Battle Belligerents: Allied Powers and Central Powers
Battle Winner: Central Powers
Total Casualties: 500,000+
19 Battle of Gallipoli Facts for Kids
The Battle of Gallipoli was a military campaign during World War 1.
The Battle of Gallipoli is also known as the Gallipoli campaign, the Dardanelles campaign or the Battle of Çanakkale.
The Battle of Gallipoli was fought between the Ottoman Empire and The United Kingdom.
The Ottoman Empire was supported by the German Empire and Austro-Hungarian Empire (Central Powers).
The United Kingdom was supported by French Third Republic and the Russian Empire (Entente Powers).
The Battle of Gallipoli was fought in the Gallipoli Peninsula.
The Battle of Gallipoli was fought between February 17th, 1915 and January 9th, 1916.
The Battle of Gallipoli was fought for 10 months, 3 weeks, and 2 days.
The Battle of Gallipoli was fought by because the Entente Powers were trying to take control of a sea route that could supply Russia and weaken the Ottoman Empire by capturing their capital Constantinople (Istanbul).
The Entente Powers expected an easy victory against the Ottoman Empire. Prior to the Battle of Gallipoli, the Ottoman Empire had one military defeat after another. The Entente Powers did little intelligence gathering, used outdated war ships and used inexperienced soldiers. The Entente Powers were so confidant they thought the Navy would win the battle without the use of soldiers.
The Ottoman Empire won the Battle of Gallipoli.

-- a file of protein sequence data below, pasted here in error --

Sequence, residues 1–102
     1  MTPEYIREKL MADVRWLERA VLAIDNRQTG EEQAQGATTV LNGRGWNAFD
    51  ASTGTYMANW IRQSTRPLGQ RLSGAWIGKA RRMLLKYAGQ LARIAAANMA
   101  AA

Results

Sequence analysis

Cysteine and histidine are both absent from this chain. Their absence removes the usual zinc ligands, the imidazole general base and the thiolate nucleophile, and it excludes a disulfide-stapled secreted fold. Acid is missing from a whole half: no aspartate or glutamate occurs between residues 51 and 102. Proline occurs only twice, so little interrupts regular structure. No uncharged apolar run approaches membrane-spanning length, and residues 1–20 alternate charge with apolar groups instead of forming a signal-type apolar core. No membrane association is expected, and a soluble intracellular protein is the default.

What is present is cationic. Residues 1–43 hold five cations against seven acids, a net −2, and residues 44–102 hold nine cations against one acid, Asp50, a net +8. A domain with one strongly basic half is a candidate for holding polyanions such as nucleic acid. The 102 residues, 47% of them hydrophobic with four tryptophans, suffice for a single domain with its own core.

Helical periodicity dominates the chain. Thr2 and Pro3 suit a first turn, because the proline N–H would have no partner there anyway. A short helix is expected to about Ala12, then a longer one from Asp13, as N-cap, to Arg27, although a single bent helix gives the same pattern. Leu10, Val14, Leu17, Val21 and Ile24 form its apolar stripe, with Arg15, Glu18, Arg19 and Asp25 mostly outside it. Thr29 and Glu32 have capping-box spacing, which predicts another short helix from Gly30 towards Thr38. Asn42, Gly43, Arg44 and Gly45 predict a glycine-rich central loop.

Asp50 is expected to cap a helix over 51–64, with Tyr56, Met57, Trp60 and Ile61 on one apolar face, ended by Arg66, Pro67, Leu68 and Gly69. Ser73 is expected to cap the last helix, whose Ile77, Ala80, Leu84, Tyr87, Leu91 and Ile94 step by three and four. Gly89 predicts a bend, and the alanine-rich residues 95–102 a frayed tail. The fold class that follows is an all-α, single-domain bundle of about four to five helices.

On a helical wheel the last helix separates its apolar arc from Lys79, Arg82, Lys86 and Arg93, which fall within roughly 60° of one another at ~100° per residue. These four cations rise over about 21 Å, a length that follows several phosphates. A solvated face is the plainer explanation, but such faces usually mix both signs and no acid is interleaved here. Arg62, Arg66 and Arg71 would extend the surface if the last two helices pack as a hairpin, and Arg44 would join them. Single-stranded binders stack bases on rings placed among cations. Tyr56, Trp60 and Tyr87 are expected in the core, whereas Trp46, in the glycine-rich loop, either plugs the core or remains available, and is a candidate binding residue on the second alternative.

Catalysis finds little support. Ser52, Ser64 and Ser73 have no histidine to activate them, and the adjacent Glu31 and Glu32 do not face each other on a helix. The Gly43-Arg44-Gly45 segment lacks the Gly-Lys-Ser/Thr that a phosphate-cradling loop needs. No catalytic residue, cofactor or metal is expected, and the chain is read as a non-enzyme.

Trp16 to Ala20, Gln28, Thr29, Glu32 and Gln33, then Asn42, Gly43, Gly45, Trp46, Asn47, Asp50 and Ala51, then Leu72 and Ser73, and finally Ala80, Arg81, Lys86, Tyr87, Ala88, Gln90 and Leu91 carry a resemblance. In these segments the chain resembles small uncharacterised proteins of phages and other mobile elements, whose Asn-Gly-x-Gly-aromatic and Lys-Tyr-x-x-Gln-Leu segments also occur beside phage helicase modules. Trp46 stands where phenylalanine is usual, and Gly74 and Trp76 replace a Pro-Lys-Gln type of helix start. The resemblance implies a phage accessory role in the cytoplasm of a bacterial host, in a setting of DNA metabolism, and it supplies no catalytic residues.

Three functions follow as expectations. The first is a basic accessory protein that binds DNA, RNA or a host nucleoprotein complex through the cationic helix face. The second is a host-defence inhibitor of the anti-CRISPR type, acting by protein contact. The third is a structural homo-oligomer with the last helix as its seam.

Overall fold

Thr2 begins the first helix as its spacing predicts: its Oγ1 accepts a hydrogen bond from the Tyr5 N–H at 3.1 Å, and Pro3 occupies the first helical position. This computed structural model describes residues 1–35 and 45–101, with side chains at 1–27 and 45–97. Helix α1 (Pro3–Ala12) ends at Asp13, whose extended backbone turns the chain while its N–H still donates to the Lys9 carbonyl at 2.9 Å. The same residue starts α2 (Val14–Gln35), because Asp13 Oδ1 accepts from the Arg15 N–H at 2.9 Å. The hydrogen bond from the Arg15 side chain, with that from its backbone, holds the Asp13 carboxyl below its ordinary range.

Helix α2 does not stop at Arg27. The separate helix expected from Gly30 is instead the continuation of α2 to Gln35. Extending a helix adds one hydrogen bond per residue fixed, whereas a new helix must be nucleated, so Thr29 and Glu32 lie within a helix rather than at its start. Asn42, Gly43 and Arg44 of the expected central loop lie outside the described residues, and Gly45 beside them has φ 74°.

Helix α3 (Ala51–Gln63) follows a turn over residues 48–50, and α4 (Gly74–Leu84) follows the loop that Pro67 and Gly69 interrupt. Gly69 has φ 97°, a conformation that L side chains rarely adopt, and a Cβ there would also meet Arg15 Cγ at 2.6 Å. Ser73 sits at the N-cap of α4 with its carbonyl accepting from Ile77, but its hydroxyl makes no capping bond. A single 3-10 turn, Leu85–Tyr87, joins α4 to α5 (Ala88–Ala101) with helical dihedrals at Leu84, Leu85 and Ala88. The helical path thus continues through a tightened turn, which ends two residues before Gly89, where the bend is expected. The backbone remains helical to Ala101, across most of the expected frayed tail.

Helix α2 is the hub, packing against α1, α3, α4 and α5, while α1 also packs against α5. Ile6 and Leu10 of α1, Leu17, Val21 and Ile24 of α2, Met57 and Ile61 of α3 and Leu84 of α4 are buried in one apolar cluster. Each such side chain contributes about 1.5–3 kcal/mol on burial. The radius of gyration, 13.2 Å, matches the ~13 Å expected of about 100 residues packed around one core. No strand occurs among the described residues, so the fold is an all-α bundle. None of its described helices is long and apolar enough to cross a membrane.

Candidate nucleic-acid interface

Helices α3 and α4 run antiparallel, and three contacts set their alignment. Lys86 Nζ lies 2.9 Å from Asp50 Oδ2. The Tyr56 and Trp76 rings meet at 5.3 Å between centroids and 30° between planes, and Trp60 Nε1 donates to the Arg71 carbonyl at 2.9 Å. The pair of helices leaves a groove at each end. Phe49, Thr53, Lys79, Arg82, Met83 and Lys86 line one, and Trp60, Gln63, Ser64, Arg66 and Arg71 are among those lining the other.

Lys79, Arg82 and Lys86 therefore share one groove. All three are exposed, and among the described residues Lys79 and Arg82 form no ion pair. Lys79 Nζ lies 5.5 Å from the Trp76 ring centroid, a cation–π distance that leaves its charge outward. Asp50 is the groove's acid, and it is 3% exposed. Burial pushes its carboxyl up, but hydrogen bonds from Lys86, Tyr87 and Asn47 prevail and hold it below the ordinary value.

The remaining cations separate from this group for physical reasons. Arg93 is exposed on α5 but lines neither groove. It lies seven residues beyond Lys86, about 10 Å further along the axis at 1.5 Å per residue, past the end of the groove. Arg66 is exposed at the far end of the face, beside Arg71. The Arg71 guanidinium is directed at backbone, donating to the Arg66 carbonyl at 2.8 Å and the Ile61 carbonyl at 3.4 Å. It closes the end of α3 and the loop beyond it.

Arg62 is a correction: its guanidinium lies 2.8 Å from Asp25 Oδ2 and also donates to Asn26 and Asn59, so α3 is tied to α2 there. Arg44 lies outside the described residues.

The Ottoman Empire’s victory was a huge and costly defeat for the Entente Powers.
The Battle of Gallipoli resulted in a total of 552,000 casualties on both sides.
The Entente Powers started with about 489,000 troops.
By the end of the Battle of Gallipoli, the Entente Powers had 302,000 casualties.
The Ottoman Empire started with about 315,500 troops.
By the end of the Battle of Gallipoli, the Ottoman Empire had 250,000 casualties.
The famous British leader Winston Churchill almost ruined his career because of the Battle of Gallipoli. He helps mastermind the Gallipoli campaign and was the chief public advocate for it. While the Gallipoli campaign was a huge defeat for Churchill he slowly worked his way back into government and became the prime minster in 1940.
The last surviving veteran of the Battle of Gallipoli was Alec Campbell. He is one of a very few veterans from that battle to survive into the 21st century. Campbell died at the age of 103 in May 2002.